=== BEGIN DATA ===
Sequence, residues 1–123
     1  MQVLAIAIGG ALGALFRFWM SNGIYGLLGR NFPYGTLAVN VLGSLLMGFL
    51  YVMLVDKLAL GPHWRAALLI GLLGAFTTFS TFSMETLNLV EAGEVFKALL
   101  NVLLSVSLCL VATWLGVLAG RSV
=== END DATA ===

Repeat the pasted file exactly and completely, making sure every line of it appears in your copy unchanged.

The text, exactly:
Sequence, residues 1–123
     1  MQVLAIAIGG ALGALFRFWM SNGIYGLLGR NFPYGTLAVN VLGSLLMGFL
    51  YVMLVDKLAL GPHWRAALLI GLLGAFTTFS TFSMETLNLV EAGEVFKALL
   101  NVLLSVSLCL VATWLGVLAG RSV